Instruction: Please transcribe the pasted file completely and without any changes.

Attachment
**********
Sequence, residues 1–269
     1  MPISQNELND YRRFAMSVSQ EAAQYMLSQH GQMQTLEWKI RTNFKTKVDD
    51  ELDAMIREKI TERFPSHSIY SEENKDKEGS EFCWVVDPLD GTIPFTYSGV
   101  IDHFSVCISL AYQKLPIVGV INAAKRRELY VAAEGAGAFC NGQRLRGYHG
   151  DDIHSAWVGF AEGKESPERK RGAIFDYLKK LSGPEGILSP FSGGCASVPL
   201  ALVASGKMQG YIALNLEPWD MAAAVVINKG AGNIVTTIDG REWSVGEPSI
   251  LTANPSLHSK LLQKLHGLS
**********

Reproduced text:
Sequence, residues 1–269
     1  MPISQNELND YRRFAMSVSQ EAAQYMLSQH GQMQTLEWKI RTNFKTKVDD
    51  ELDAMIREKI TERFPSHSIY SEENKDKEGS EFCWVVDPLD GTIPFTYSGV
   101  IDHFSVCISL AYQKLPIVGV INAAKRRELY VAAEGAGAFC NGQRLRGYHG
   151  DDIHSAWVGF AEGKESPERK RGAIFDYLKK LSGPEGILSP FSGGCASVPL
   201  ALVASGKMQG YIALNLEPWD MAAAVVINKG AGNIVTTIDG REWSVGEPSI
   251  LTANPSLHSK LLQKLHGLS